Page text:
Drawing from a guiding Hope College-created document that extols five virtues of civility in public discourse, new President Rev. Dr. Dennis N. Voskuil called constituents to come together as a community of trust to accomplish astonishing works in his installation address titled “The Virtuous College” on Thursday, Aug. 24.

Voskuil will serve as interim president of the college for a two-year term. He replaces Dr. John C. Knapp, who took on the presidency at Washington and Jefferson College in Pennsylvania this summer.  The installation ceremony took place as a campus event, primarily for faculty and staff, in conjunction with Hope’s Pre-College Conference.

Dennis Voskuil Presidential Installation Ceremony Photos 

Setting before the Hope community the five “spare but arresting” virtues — humility to listen, hospitality to welcome, patience to understand, courage to challenge, and honesty to speak the truth in love — Voskuil recognized that each virtue provides “biblically-rooted parameters for the manner in which a Christian academic community should engage each other.”  Their simple yet deep wisdom impressed him so much, he explained, that he wrote about them in his application letter to the Board of Trustees, commenting that not only would he strive to model them daily but he’d encourage his new colleagues to do the same.

“And to underscore and remind you of these virtues, you should have received a writing tablet which lists them,” he said, holding up an example of the gift attendees were given upon their arrival for his address at the Jack H. Miller Center for Musical Arts.

Voskuil proceeded to present before the audience of faculty, staff, students, trustees and friends of the college reasons for each virtue’s necessity and reality. By weaving personal story-telling and examples of biblical scripture, the pastor-president showed his audience both humor and solemnity in the process. 

Humility to Listen

“We have our primary example of utter humility in Jesus Christ, God-in-the-flesh, who, according to the Apostle Paul, ‘emptied himself, taking the form of a slave, being born in human likeness. And being found in human form, he humbled himself and became obedient to death — even death on a cross.’ The first, and perhaps most important then, virtue for meaningful community discussion and decision-making is humility. Humility to listen to others and to respect what they have to say.” 

Hospitality to Welcome

“This summer I attended several weekly presentations for the Faith and Scholarship Discussion Series. Free breakfast and an opportunity to learn about vocation from members of our community proved to be a strong attraction…. In (Prof. Tori Pelz’s) presentation she quoted Henri Nouwen who described hospitality as ‘the creation of free space where the stranger can enter and become a friend instead of an enemy… not to change people but to offer them space where change can take place.’ I love this idea of hospitality… True hospitality is not a matter of winning someone to our point of view but of providing space to grow and learn.” 

Patience to Understand

“I am too often guilty of jumping into a fray with my own perspective before really hearing what is being argued. I am so impatient. I so desperately desire to resolve differences that I fail to learn what they are. True hospitality requires us to be patient… And sometimes we must have the patience to invite silence — a time of reflection. May God grant us the patience to understand.”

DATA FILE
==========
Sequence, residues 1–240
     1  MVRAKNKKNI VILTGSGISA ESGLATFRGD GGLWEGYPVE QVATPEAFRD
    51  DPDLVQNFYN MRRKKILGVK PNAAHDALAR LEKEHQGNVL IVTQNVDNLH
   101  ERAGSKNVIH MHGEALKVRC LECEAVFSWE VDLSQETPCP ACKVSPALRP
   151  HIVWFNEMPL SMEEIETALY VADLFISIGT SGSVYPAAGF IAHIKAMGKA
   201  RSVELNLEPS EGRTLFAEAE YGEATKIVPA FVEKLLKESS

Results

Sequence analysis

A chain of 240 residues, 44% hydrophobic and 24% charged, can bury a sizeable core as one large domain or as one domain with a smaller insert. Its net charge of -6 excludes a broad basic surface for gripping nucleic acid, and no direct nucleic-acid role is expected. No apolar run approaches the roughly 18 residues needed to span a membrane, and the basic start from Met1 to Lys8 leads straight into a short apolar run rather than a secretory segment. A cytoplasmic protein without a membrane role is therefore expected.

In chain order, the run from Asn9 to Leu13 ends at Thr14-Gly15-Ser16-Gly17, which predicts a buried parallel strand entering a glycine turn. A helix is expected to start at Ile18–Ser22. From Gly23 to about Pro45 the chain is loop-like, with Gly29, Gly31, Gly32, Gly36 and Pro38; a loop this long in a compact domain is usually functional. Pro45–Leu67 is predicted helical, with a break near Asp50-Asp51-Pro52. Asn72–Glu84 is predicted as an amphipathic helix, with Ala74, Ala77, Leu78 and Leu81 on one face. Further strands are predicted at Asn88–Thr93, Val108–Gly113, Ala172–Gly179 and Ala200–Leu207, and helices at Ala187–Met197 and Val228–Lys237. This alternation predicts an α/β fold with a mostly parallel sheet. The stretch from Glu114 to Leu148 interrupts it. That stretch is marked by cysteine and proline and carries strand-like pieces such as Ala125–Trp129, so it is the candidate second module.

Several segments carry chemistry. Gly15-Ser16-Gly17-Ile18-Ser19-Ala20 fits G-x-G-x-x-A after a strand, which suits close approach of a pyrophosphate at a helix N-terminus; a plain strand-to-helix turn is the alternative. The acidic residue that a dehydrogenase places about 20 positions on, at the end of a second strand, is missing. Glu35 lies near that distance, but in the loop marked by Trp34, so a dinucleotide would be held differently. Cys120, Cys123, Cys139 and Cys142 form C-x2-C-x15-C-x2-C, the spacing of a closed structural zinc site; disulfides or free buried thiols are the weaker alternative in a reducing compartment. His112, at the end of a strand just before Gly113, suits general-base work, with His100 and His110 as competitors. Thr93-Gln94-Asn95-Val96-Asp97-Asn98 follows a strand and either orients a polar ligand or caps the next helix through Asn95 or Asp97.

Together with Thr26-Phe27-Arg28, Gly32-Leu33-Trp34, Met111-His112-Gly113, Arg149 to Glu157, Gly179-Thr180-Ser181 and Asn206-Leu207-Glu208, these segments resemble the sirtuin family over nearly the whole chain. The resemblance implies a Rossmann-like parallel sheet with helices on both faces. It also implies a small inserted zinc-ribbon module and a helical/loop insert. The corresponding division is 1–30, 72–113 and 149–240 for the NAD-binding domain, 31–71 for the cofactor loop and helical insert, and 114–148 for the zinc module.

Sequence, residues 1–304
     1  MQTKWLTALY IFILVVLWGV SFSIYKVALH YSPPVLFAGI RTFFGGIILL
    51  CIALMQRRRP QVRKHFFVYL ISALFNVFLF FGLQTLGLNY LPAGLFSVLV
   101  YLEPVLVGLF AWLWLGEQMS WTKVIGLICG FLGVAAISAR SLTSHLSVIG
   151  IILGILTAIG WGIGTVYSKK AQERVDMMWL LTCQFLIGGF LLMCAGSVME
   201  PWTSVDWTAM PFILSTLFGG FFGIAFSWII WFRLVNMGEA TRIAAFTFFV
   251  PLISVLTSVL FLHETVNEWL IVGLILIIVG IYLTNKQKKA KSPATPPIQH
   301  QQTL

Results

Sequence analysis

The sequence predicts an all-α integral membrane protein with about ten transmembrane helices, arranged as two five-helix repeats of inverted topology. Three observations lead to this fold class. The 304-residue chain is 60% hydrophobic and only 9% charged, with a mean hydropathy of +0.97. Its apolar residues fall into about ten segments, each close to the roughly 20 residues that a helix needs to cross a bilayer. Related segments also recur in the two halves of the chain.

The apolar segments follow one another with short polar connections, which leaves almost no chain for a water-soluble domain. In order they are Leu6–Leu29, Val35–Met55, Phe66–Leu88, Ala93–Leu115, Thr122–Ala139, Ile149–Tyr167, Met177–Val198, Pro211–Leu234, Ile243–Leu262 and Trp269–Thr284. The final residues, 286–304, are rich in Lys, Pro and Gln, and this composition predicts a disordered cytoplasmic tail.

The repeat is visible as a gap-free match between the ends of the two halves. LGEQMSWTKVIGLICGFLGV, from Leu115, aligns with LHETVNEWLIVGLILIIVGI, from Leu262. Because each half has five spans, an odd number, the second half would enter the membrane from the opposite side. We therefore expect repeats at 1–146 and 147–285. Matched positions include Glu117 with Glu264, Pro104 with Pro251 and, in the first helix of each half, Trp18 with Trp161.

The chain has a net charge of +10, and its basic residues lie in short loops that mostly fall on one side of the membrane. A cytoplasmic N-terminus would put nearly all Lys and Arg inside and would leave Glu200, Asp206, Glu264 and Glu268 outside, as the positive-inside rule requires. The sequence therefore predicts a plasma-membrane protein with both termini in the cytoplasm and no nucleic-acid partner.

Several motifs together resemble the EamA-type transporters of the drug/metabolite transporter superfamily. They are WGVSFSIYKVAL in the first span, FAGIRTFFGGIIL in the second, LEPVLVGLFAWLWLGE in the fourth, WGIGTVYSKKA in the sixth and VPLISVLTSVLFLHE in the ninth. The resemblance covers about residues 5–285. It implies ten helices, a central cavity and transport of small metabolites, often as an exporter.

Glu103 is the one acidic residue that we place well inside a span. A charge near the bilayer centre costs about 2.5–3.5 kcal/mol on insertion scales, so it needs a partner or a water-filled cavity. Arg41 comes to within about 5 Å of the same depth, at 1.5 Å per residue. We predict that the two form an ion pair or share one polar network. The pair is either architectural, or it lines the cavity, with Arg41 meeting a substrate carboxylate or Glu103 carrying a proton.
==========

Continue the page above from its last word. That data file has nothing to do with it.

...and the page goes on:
Courage to Challenge

“Over the years I have heard a great deal about ‘West-Michigan-nice,’ and how the posture of nice tends to perpetuate the status quo which is hollow and artificial. Now as someone who has been captive to the West-Michigan-nice culture, and who highly values graciousness and politeness, I confess that there are times when I fail to have the courage to challenge the status quo when it produces stagnation and artificiality. To be a healthy community, we must have the courage to challenge, but also the grace to allow challenges to be offered about our assumptions. Challenging assumptions does not run counter to humility, or hospitality to welcome, but takes a great deal of intellectual courage.” 

Honesty to Speak the Truth in Love

“Honesty is at a premium in our society today. I cannot think of a time in our history when honesty has been more fully devalued. And for an academic institution, especially a Christian academic institution, the value of academic and moral honesty must be cherished. It is our responsibility to seek and speak the truth… It is my sincere hope and prayer that the students who are nurtured at Hope College develop such a deep and probing faith that they will leave the college as maturing heroic Christians… But here is the key to fruitful engagement over important issues: It must be done in an atmosphere of trust — rooted in love.” 

In his conclusion, Voskuil remarked how he and his wife, Betty, counted it a privilege to return to Hope. “To be honest, we are falling in love with this community all over again,” he said. 

Voskuil was a member of Hope’s religion faculty from 1977 to 1994 and then moved on to neighboring Western Theological Seminary, where he was president from 1994 to 2008. He continued to teach at the seminary until 2014, when he became a senior research fellow at the college’s A.C. Van Raalte Institute.  He subsequently served as the institute’s director from 2015 until becoming Hope’s president.